Highlights from the Friedman School of Nutrition Science and Policy include: A low glycemic index diet may help decrease disease risk factors; People need to eat more beta carotene to get enough vitamin A; and How to figure out if people are eating more than they report?

Cholesterol levels fluctuate with the seasons
Cholesterol levels vary with the seasons, reaching their highest levels in the winter months, according to an article in the April 26 issue of The Archives of Internal Medicine, one of the JAMA/Archives journals.

Parkinson's drug effective in treating restless leg syndrome
Pergolide, a drug commonly used to treat Parkinson's disease symptoms, has recently been shown to be effective in treating restless legs syndrome.

Understanding epilepsy
Five to 10 percent of the U.S. population will have a seizure during their lifetime and, of those, 30 percent will develop epilepsy.

Sandia/UNM self-assembly process forms durable nanocrystal arrays and independent nanocrystals
In this week's journal Science, researchers at Sandia National Laboratories and the University of New Mexico describe a simple, commercially feasible method for self-assembling nanocrystals into robust orderly arrangements, like soup cans on a shelf or bricks in a wall or stopping nanocrystals from clumping.

U.S. Armed Forces, Case Western Reserve University train Cleveland police to recognize stress
In the first collaboration between U.S. military combat stress experts and a local police force, Case Western Reserve University, the Partnership for a Safer Cleveland, and experts from the U.S.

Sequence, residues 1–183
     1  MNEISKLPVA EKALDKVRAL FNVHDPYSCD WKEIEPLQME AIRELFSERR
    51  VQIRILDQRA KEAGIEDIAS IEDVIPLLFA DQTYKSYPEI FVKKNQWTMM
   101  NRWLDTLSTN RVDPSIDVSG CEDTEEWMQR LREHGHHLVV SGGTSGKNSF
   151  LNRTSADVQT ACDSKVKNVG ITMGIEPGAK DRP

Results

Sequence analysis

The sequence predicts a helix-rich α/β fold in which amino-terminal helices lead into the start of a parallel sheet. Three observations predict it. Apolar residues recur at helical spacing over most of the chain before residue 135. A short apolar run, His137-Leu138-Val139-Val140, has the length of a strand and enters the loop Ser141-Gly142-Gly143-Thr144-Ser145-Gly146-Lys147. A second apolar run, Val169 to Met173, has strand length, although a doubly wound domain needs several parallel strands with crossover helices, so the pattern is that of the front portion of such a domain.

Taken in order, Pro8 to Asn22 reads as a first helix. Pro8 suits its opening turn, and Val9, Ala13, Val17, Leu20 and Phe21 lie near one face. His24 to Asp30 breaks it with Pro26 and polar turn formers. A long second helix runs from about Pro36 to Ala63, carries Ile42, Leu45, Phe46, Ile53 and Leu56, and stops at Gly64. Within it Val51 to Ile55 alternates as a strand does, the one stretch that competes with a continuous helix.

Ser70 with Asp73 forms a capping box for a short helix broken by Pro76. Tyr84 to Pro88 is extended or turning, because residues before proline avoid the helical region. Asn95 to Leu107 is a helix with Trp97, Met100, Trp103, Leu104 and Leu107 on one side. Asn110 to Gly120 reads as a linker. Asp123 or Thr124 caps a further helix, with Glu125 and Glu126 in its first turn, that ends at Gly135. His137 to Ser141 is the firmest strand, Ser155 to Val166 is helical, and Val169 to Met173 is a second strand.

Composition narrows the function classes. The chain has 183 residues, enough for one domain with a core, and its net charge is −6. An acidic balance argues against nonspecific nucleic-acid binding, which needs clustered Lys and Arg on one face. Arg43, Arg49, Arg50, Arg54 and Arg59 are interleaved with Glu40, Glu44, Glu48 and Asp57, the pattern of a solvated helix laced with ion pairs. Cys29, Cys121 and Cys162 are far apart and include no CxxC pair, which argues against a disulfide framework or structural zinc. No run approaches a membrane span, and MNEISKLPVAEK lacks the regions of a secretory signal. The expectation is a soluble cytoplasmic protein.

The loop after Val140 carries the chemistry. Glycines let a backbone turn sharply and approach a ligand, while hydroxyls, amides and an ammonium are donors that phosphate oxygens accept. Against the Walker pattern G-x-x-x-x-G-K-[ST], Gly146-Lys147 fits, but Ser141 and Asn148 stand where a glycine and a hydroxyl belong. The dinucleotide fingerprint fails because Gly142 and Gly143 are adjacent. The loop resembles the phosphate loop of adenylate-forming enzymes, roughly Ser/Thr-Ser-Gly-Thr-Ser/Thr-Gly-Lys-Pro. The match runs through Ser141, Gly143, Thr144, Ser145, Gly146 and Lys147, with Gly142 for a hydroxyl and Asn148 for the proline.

UCF Technology Incubator wins national incubator of the year award
The University of Central Florida Technology Incubator earned the industry's highest honor today, April 26, when it was named the 2004 Technology Incubator of the Year by the National Business Incubation Association.

Rice, HMNS pioneer portable, 'immersive' planetarium
Researchers from Rice University, in partnership with the Houston Museum of Natural Science, are leading a NASA-funded project to develop portable technology that will allow

Women remember appearances better than men, study finds
Women are better than men at remembering the appearance of others, a new study shows.

Prudent-layperson laws help get insurance coverage for emergency room visits
New laws have virtually eliminated the specter of insurance companies refusing to pay for emergency services that a

Migraine with aura, cholesterol increase risk of stroke in women
Women who have migraines with aura have a more than 50 percent increased risk of total stroke and 70 percent increase of ischemic stroke compared to those without migraines, according to research that will be presented at the American Academy of Neurology 56th Annual Meeting.

Single parents slip through the advice net